How to Cook Beef Ribs with The Smokin’ Elk
Great for beginners looking to get into low and slow smoking, beef short ribs are simpler to make but still have all the flavour, bark and tenderness of bigger cuts like brisket. The Smokin’ Elk shows us how to cook beef ribs on the BBQ, ensuring they’re perfectly juicy and tender.
Before you dive into cooking low and slow, you need to understand that cooking to temperature is very much a game changer. Certain meats like poultry are only safe once they hit a certain temperature, but others like low and slow cuts need to be taken way beyond the recommended temperature if you want them to break down and melt in the mouth.
Pork is safe to eat at 63°C. But if you want pulled pork, you need to take this all the way up to 93°C+. This is when all of the connective tissue has had time to break down, resulting in soft, succulent meat. The same goes for beef brisket. Forget 55°C for medium rare — brisket is no good medium rare. It takes time, love and science to take it all the way to smoky, juicy perfection. Usually this is at around 95°C.
But before you tackle the big cuts, why not try some beef short ribs? They’re cheaper, quicker and easier to cook than brisket, but the end result is just as good. Plus they’re a great way to hone your BBQ skills without breaking the bank.
What are short ribs?
Beef short ribs are cut from the short plate (also known as beef plate) of the cow, which is the belly side of the prime rib roasting joint. Also considered part of the brisket in the UK, the short plate is also used for skirt and hanger steaks. Cuts from this area are usually cheap because they’re tough and fatty. But with some low and slow cooking they can become beautifully tender and delicious.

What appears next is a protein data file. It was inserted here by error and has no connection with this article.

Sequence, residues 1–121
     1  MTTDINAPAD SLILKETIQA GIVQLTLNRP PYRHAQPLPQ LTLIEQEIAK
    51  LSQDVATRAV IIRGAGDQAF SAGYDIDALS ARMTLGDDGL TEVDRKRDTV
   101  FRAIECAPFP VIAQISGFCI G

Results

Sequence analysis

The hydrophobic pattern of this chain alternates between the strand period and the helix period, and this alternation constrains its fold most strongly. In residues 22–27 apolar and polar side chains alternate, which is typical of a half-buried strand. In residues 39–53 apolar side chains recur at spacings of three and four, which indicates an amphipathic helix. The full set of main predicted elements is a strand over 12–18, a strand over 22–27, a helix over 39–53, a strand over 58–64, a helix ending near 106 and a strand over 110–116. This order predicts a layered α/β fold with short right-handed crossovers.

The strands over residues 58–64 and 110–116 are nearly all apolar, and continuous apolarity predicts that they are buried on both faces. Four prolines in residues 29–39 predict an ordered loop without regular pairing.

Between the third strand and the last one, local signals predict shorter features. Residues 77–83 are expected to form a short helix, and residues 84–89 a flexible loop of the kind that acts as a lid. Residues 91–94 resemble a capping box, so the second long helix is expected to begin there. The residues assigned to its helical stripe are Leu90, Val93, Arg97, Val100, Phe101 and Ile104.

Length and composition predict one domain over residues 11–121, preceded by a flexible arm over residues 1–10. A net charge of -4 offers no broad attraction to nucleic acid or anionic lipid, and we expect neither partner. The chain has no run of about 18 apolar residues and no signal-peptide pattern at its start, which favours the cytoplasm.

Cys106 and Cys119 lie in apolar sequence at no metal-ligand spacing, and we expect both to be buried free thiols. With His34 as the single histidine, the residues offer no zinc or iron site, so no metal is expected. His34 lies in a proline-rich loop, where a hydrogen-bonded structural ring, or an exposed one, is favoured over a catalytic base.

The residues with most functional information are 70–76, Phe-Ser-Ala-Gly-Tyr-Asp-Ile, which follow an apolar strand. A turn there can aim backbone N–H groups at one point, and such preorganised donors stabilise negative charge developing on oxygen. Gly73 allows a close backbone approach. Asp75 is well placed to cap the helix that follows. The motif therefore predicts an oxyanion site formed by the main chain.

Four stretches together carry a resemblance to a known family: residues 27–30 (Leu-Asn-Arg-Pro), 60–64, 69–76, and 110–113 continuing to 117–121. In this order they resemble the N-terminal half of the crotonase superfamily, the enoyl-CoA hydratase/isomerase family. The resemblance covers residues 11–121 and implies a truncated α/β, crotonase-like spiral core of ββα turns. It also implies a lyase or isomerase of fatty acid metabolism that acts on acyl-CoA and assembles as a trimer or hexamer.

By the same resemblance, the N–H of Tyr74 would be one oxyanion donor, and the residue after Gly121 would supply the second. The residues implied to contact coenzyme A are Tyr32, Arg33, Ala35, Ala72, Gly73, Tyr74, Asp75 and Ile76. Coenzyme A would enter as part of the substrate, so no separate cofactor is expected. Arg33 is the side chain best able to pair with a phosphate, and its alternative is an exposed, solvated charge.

There are a few different cuts of beef ribs that you can buy:
This is a rack of 3-6 bones.
The ribs are cut into individual bones. These can be left full-length or halved into smaller pieces.
The ribs are cut crossways across the bone, so that each piece contains a few small pieces of bone.
What temperature should you cook beef ribs to?
You want to cook your ribs to around 93°C before checking them for tenderness. If monitoring the temperature of your pit, you’re looking to keep this at around 150°C.
These are the best thermometers to use for keeping your rib temperatures in check:
A BBQ thermometer
For low and slow cooks like ribs, a BBQ thermometer is useful for monitoring the temperature of your pit and your meat, so you know that everything is on track without opening the lid.
I used the Smoke Wireless BBQ Thermometer for this recipe. When you insert the probe into the meat, just be careful to avoid any bones or the readings might be inaccurate.
Check out this guide to learn more about BBQ thermometers.
A meat probe
Whether or not you used a BBQ thermometer to monitor the temperature of your ribs as they cooked, an instant-read thermometer like the Thermapen is important for spot checking the meat throughout. Again, make sure you avoid the bones as you probe or you won’t get an accurate reading.
Once your ribs have come to temperature, a Thermapen thermometer is also great for checking the tenderness of the ribs. If the probe doesn’t slide through the meat without any resistance, the ribs will need to go on for a bit longer.